President Obama undermined Hosni Mubarak in Egypt, a strong U.S. friend, while boosting the Muslim Brotherhood—a group that spawned Al-Qaeda. Our media did not really examine how much the U.S. lost on those bets or Obama’s support of Bashar Assad in Syria, sending an ambassador there against the express wishes of Congress.

Obama and Hillary Clinton ignored Iranian dissidents’ pleas for help during Iran’s rigged 2009 elections. They delayed dealing withIran’s atom bomb plans. That is a quite a resume for the people who promised hope and change at home and abroad.

Have the media probed the gap between Obama promises and his results—from Cairo to Istanbul, from Libya to Syria? They report how Romney criticizes Arab culture, for being anti-peace and tribal—all of which is absolutely correct.

Our media scoff at Romney for being “clumsy.” That angle suits the propaganda line that Obama-Biden-Clinton are deep thinkers and doers on foreign policy. Better to have us consider Romney’s tone than to examine Obama’s foreign policy record.

The media agenda is to lacerate Romney rather than doing real journalism: checking how Obama-Clinton were criminally negligent to leave U.S. diplomats unguarded on the anniversary of 9-11.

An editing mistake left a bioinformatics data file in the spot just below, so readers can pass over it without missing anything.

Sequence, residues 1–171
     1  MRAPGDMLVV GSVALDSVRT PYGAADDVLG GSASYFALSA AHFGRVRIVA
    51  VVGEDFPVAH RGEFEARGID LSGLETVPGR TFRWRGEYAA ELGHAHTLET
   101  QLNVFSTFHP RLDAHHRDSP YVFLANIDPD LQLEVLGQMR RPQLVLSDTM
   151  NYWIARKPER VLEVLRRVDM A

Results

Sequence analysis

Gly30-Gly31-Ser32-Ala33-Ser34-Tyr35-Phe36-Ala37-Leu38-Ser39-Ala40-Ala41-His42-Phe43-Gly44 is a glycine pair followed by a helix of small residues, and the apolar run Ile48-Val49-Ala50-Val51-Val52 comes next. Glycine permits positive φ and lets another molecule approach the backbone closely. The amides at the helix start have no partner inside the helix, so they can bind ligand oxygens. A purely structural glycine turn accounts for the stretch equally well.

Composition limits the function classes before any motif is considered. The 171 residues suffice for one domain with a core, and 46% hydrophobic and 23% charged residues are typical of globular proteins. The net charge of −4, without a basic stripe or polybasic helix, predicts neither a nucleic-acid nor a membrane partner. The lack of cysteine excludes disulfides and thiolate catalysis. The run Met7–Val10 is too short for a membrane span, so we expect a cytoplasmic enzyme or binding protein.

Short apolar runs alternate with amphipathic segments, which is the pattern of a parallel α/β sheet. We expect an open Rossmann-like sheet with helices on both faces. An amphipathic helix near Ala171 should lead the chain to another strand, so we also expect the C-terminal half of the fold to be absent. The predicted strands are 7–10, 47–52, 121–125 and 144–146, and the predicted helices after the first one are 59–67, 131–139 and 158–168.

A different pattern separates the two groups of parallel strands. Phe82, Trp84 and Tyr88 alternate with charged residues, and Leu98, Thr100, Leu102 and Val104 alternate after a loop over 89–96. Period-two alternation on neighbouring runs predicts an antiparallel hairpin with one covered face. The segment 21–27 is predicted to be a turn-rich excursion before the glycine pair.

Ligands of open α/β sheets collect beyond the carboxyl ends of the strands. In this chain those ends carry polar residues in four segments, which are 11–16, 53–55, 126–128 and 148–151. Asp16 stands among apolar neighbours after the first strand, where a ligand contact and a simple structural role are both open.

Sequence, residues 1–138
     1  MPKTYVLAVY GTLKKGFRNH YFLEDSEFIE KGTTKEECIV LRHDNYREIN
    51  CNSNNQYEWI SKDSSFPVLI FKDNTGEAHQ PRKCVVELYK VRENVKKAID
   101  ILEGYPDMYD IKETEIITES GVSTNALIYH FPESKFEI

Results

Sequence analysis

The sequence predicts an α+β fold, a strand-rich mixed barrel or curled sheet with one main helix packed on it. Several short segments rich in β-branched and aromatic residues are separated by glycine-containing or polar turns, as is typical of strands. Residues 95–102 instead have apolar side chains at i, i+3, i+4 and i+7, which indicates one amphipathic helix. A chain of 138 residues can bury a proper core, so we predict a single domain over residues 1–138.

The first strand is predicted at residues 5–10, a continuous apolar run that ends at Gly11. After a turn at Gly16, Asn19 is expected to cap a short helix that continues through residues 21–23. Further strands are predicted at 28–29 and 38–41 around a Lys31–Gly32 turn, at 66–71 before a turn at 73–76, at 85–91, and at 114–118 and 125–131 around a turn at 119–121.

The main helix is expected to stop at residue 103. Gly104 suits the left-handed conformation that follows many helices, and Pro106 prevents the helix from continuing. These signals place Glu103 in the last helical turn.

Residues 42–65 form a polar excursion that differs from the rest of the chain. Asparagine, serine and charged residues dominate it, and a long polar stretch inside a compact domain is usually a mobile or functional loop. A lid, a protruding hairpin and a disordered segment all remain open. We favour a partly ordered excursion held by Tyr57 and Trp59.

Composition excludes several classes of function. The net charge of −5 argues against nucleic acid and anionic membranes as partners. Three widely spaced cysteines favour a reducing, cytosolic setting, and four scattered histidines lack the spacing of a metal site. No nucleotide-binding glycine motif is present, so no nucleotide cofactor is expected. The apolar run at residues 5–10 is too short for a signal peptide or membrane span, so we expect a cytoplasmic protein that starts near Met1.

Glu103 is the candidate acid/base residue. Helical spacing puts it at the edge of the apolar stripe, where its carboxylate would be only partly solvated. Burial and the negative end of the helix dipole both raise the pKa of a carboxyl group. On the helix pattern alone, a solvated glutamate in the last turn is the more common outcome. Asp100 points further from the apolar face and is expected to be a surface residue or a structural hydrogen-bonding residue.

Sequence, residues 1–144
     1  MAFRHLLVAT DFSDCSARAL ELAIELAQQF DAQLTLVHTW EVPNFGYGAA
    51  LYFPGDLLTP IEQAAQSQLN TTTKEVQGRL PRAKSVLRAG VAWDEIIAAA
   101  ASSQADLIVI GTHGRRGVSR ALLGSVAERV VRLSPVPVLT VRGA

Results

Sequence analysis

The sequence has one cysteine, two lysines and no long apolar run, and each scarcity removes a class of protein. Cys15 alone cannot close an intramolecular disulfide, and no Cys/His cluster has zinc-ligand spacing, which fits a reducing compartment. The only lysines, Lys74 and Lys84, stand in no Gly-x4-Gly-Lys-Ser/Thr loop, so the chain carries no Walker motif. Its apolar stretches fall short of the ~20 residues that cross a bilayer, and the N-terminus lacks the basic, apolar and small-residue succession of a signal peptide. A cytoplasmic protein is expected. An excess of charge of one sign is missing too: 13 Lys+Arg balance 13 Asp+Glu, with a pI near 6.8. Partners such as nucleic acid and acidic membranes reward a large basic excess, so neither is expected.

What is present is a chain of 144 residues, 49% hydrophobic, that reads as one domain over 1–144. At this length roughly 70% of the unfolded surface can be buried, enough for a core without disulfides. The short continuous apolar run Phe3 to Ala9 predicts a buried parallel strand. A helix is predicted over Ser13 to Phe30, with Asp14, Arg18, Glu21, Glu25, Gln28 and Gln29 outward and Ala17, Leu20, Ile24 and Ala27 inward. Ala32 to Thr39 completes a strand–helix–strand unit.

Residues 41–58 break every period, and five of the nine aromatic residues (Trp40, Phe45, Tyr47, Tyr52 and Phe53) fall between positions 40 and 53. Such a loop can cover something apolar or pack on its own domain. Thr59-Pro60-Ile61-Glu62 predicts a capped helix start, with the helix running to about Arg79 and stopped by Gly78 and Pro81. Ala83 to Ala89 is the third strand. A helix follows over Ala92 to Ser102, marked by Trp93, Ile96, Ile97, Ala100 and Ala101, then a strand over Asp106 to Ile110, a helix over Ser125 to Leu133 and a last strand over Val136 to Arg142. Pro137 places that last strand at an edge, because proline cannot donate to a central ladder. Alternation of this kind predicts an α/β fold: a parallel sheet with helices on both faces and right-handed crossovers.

Have we noticed how the sophisticated terror attack on the U.S. consulate in Libya disappeared from the front page of The New York Times, and have we noticed how the Associated Press gave us a half-cocked “timeline” to show Romney was hasty?

Maybe the propaganda will distract us long enough for Obama to get re-elected, but then again, maybe not. Perhaps Abraham Lincoln will be proved right again when he said: “You can fool some of the people all of the time, and all of the people some of the time, but you cannot fool all of the people all of the time.”


There is a  new  lot of postings by Chris Brand just up -- on his usual vastly "incorrect" themes of race, genes, IQ etc.



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The Big Lie of the late 20th century was that Nazism was Rightist.  It was in fact typical of the Leftism of its day.  It was only to the Right of  Stalin's Communism.  The very word "Nazi" is a German abbreviation for "National Socialist" (Nationalsozialist) and the full name of Hitler's political party (translated) was "The National Socialist German Workers' Party" (In German: Nationalsozialistische Deutsche Arbeiterpartei)